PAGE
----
Parts of xditview have been rewritten so that it can be used with the
output of gtroff -Tps.  groff -TXps will run gtroff -Tps with

There is a new menu entry `Print' which brings up a dialog box for
specifying a command with which the file being previewed should be

Xditview now uses imake.


The groff command now understands the gtroff `-a' and `-i' options.

With the `m' and `n' scale indicators, the scale factor is rounded
horizontally before being applied.  This makes (almost) no difference
for devices with `hor' equal to 1, but it makes groff with -Tascii or
-Tlatin1 behave more like nroff in its treatment of these scale
indicators.  Accordingly tmac.tty now calls the `nroff' request so
that the `n' condition will be true.

The device-specific macros (tmac.ps, tmac.dvi, tmac.tty and tmac.X)
have been made to work at least somewhat with -C.  In particular the
special characters defined by these macros now work with -C.

groff -Tdvi -p will now pass pic the -x flag; this will enable filling
of arrowheads and boxes, provided that your dvi driver supports the
latest version of the tpic specials.


There is a new `-N' option that tells eqn not to allow newlines in
delimiters.  This allows eqn to recover better from missing closing
delimiters.  The groff command will pass on a `-N' option to eqn.


You can now use psfig with grops.  See the file ps/psfig.diff.  I do
not recommend using psfig for new documents.

The command \X'ps: file F' is similar to \X'ps: exec ...' except that
the PostScript code is read from the file F instead of being contained
within the \X command.  This was added to support psfig.


There are font files HB and HI corresponding to cmsssbx10 and cmssi10.


The groff -me macros now work with the -C option.  As a result, they
may also work with Unix nroff/troff.

In -me, the $r and $R number registers now contain the line spacing as
a percentage of the pointsize expressed in units (normally about 120).
The previous definition was useless with low resolution devices such
as X75 and X100.


A -ms-like macro-package is now included.

The name for the Icelandic lowercase eth character has been changed
from \(-d to \(Sd.


There is a new request `nroff', which makes the `n' built-in condition
true and the `t' built-in condition false; also a new request `troff'
which undoes the effect of the `nroff' request.  This is intended only
for backward compatibility: it is usually better to test \n(.H or
\n(.V or to use the `c' built-in condition.

The \R escape sequence has been deleted.  Use \E instead.

There are `break' and `continue' requests for use with the `while'

There is a request `hym' that can ensure that when the current
adjustment mode is not `b' a line will not be hyphenated if it is no
more than a given amount short, and a request `hys' that can ensure
that when the current adjustment mode is `b' a line will not be
hyphenated if it can be justified by adding no more than a given
amount of extra space to each word space.

There is a request `rj' similar to `ce' that right justifies lines.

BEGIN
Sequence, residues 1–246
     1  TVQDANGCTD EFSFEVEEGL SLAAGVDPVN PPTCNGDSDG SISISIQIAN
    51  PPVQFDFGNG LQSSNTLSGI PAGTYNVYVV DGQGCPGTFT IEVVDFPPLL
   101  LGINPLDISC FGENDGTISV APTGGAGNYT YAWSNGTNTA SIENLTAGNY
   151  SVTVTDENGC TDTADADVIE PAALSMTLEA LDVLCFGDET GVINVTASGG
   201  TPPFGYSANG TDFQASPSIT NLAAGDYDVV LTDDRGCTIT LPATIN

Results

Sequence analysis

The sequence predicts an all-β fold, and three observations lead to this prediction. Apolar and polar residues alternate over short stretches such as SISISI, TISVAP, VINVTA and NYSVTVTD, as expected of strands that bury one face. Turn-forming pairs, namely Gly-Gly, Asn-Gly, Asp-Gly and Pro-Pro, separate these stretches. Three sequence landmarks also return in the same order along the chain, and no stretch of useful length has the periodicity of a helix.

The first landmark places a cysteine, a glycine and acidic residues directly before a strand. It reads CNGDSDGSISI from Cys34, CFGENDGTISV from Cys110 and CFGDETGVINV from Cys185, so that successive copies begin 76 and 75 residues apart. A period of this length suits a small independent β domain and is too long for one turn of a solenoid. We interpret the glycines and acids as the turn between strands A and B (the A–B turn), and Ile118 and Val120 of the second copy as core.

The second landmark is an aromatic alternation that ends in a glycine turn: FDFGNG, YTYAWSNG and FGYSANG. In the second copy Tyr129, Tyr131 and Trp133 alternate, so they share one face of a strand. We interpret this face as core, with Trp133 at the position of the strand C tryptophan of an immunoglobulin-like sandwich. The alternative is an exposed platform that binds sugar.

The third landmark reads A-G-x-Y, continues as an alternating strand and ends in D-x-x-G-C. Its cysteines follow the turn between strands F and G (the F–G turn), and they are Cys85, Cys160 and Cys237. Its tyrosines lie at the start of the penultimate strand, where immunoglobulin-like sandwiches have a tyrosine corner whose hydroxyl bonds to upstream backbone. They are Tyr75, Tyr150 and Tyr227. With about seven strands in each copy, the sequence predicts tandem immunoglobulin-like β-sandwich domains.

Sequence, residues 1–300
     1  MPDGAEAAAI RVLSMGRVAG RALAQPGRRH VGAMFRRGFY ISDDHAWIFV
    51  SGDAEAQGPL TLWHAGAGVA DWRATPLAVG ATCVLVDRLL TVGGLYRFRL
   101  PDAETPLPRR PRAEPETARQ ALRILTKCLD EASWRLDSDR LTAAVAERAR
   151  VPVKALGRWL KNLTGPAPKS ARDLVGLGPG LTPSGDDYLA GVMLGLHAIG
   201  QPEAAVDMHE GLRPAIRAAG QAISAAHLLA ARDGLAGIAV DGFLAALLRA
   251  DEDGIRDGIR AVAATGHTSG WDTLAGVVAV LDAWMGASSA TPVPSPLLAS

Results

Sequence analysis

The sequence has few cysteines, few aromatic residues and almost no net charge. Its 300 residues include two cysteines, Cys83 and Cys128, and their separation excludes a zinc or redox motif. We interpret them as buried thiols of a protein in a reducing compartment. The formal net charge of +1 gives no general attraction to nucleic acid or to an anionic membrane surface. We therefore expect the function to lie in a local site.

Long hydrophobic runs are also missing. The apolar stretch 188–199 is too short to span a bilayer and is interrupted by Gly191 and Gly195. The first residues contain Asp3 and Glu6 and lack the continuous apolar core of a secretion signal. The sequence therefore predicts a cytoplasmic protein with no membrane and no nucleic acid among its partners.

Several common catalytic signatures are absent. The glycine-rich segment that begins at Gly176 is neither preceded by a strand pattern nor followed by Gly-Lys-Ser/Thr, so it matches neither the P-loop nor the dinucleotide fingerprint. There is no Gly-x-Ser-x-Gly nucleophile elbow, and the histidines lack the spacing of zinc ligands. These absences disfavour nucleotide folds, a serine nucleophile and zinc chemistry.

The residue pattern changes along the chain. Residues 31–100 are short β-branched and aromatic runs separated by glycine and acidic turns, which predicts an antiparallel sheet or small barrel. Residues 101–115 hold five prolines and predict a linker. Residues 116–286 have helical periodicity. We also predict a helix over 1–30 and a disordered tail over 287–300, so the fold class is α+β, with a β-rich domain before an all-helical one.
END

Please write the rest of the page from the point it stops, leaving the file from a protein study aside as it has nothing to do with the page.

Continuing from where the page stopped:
A warning of type `space' will be given when a call is made to an
undefined request or macro with a name longer than two characters, and
the first two characters of the name make a name that is defined.
This is intended to find places where a space has been omitted been a
request or macro and its argument.  This type of warning is enabled by


A comma is permitted between the arguments to the `reset' command.

For use with TeX, there is a new `-c' option that makes gpic treat
lines beginning with `.' in a way that is more compatible with tpic
(but ugly).


It is no longer necessary to add `space 0' at the beginning of
complicated equations inside pictures.

`prime' is now treated as an ordinary character, as in Unix eqn.  The
previous behaviour of `prime' as an operator can now be obtained using


There are two new devices X75-12 and X100-12 which are the same as X75
and X100 except that they are optimized for documents that use mostly
12 point text.


The installation process has been refined to make it easy for you to
share groff with someone who has the same type of machine as you but
does not have a C++ compiler.  See the end of the INSTALL file for

There is a man page for the tfmtodit program which explains how to use
your own fonts with groff -Tdvi.

There is a man page for afmtodit which explains how to use your own
PostScript fonts with groff -Tps.

The \N escape sequence is now fully supported.  It can now be used to
access any character in a font by its output code, even if it doesn't
have a groff name.  This is made possible by a convention in the font
files that a character name of `---' refers to an unnamed character.
The drivers now all support the `N' command required for this.  The font
description files have been updated to include unnamed characters.

The `x' command in font description files has been removed: instead
any unknown commands are automatically made available to the drivers.
If you constructed your own font files with an earlier version of
tfmtodit or afmtodit, you must construct them again using the current

Characters between 0200 and 0237 octal are no longer legal input
characters.  Note that these are not used in ISO 8859.

A command called `grog' has been added, similar to the `doctype'